Nursing practices rely on a foundation of knowledge that stems from several sources. Processes and decisions provided by nurses are directed by academic, personal, and social interpretations of information. The value of implementing a number of ways of knowing within nurse experiences cannot be understated, as it can define successful and beneficial interactions with patients and peers. These methodologies can be observed through Carper’s fundamental ways of knowing, including empirical, personal, and ethical.
Empirical Way of Knowing
The empirical way of knowing can be summarized as a method of information gathering that relies on factual knowledge, science, external sources, or any other data that can be empirically verified. Within the sphere of nursing, the empirical way of knowing can demonstrate abstract and theoretical explanations on a practical level. The use of models, theories, generalizations, specifics, and instructions is often based on the empirical way of knowing (Brennan, 2018). The empirical foundation of all nursing practices stemmed from systematic inquiry through either experimental, naturalistic, or observational interactions. It is common for nurse practitioners to recognize and understand patient responses through controlled studies and scientific information. With empirical data becoming more and more prevalent within the nursing practice in the past century, much of nursing standards and processes will likely continue to follow empirical data.
Personal Way of Knowing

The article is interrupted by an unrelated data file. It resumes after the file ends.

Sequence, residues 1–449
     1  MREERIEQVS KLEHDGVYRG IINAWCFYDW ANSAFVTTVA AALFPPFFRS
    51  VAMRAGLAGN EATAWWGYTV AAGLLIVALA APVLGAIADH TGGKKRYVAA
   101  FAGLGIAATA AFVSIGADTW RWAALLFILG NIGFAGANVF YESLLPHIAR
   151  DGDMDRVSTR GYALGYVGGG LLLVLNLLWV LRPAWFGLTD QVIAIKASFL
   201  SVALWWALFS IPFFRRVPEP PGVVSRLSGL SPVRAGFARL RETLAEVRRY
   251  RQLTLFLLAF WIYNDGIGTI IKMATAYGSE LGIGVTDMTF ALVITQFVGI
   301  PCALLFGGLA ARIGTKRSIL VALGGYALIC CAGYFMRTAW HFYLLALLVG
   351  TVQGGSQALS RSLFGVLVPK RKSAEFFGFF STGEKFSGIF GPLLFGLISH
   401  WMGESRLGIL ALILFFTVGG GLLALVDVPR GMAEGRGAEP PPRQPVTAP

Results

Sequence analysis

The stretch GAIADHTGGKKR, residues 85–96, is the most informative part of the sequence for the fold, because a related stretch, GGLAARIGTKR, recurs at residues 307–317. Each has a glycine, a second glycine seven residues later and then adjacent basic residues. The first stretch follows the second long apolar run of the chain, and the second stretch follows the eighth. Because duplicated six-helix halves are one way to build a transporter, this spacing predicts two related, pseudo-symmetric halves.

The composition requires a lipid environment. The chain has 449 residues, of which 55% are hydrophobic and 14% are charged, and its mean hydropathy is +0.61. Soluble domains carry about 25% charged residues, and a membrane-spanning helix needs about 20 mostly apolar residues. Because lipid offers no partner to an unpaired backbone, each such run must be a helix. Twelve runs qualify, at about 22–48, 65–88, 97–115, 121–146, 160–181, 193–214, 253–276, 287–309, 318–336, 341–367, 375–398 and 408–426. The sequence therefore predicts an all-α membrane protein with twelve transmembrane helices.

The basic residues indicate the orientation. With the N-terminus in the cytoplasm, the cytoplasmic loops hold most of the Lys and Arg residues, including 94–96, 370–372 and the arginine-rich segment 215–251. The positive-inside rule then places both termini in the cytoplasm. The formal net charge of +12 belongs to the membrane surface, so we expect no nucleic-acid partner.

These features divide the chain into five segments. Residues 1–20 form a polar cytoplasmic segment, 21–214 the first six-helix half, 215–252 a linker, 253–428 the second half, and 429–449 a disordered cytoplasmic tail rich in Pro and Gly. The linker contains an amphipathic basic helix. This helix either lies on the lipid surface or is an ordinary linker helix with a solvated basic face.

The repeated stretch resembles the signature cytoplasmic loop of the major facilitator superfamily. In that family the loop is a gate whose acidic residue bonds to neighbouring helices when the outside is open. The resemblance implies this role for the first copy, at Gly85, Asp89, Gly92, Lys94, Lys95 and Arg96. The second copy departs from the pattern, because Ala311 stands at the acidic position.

The personal way of knowing refers to knowledge that is attained through self-understanding and empathy, such as through imaging oneself in the position of the patient (Brennan, 2018). The personal way of knowing can also illustrate and influence the understanding of one’s interactions with others. This way of knowing promotes the belief that while experience does not inherently educate, a personal reflection of any event is what allows an individual to grow. This theory can be applied to nursing practices as well. As such, the empathy and reflection process that occurs in the personal way of knowing allows nurses to approach a patient in an appropriate manner and form a professional and authentic relationship with them. This relationship provides a nurse with appropriate skills to apply scientific and clinical knowledge with the patient’s trust and cooperation. Good use of the personal way of knowing allows a nurse to empathize with a patient and make decisions that address their needs while respecting their integrity.
Ethical Way of Knowing
The ethical way of knowing can be defined as creating attitudes and knowledge that are derived from an ethical framework, which can include an individual’s awareness of moral inquiries and choices (Brennan, 2018). The implementation of the ethical way of knowing within nursing settings enables nurses to apply the morality associated with choices to the treatment and interaction with the patients. Time and new experiences can alter an individual’s moral-based decision-making. The extrinsic foundation of decision is based on avoiding punishments and receiving rewards, but as individuals develop, they can apply more complex morality to societal structures. This also occurs in individuals that become more experienced with nursing practices.
In nursing practitioners, regardless of their cultural background, gender, or other factors, a capacity to care is fundamental. As such, nurses are able to connect with patients by being motivated to care for their wellbeing and needs due to their ethical way of knowing. The combination of the three ways of knowing not only allows nurses to find appropriate approaches toward patients but ensures the best use of their knowledge, skill sets, and resources.
Brennan, P. (2018). Celebrating nurses’ ways of knowing. National Library of Medicine. Web.